AARP is involved in the fight against Medicare fraud and other schemes that target your health care.
“We are working with Congress and the administration to make sure that Medicare has the necessary resources to combat fraud and abuse and to make it harder to bilk the program and Medicare beneficiaries,” said Nancy LeaMond, AARP executive vice president and chief advocacy and engagement officer. “Successes like removing Social Security numbers from Medicare cards are important steps, but more must be done to protect Medicare for future generations.”
AARP’s Fraud Watch Network monitors trends on Medicare fraud and advises members on how to avoid becoming the victim of a scam. To find the latest updates and to stay on top of fraud schemes that may target you, go to the Fraud Watch Network.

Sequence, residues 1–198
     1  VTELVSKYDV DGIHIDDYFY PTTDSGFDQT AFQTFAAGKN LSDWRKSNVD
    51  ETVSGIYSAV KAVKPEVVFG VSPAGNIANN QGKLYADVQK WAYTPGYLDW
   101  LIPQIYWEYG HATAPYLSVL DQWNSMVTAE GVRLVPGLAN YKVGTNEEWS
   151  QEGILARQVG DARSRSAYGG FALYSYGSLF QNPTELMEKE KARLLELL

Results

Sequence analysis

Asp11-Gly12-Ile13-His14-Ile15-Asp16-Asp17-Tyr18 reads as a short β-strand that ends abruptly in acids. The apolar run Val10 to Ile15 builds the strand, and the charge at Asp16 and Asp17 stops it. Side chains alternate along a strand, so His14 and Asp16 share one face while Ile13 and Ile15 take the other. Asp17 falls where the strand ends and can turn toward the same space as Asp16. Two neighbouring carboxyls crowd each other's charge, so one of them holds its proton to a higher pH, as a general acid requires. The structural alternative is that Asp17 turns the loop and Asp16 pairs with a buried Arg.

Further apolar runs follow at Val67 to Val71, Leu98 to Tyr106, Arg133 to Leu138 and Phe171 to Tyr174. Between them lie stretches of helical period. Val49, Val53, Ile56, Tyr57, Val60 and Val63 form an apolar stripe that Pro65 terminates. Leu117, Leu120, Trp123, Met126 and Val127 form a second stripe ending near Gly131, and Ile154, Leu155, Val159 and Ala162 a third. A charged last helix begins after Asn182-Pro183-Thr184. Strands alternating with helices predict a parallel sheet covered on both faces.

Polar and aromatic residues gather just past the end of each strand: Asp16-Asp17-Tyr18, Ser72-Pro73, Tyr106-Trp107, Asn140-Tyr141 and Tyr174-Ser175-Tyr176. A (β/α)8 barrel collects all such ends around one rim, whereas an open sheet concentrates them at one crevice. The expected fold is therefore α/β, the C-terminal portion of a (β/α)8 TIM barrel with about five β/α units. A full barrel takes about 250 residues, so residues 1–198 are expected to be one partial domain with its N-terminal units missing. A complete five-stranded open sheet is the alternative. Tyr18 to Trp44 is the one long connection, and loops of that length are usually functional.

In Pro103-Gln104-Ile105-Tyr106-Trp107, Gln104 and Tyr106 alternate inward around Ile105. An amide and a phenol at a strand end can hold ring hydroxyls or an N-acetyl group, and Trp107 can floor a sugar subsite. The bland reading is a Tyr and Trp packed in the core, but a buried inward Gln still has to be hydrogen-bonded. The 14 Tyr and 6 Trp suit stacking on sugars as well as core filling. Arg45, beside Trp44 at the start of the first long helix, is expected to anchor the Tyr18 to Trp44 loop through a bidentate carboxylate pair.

Protect yourself by following a few rules
- Review your Medicare Explanation of Benefits statements. Verify that each of the items on your statement was provided on the date listed and from the provider indicated.
- Call the Medicare hotline at 800-633-4227 if you have questions about your statement or think an adjustment is in order.
- Report it to authorities if you spot a charge that does not look legitimate or if you become aware of what appears to be fraudulent Medicare activity. The contact is the hotline at the HHS Office of Inspector General, 800-447-8477. All calls are handled confidentially. If you suspect there is a fraudulent charge to your prescription plan (Medicare Part D), the toll-free number to call is 877-772-3379.
- Write a letter with any complaints to: U.S. Department of Health and Human Services Office of Inspector General, Attention: OIG Hotline Operations, P.O. Box 23489, Washington, D.C. 20026.
- Alert the government: Health care providers who know of fraud or waste should report it by calling 800-447-8477.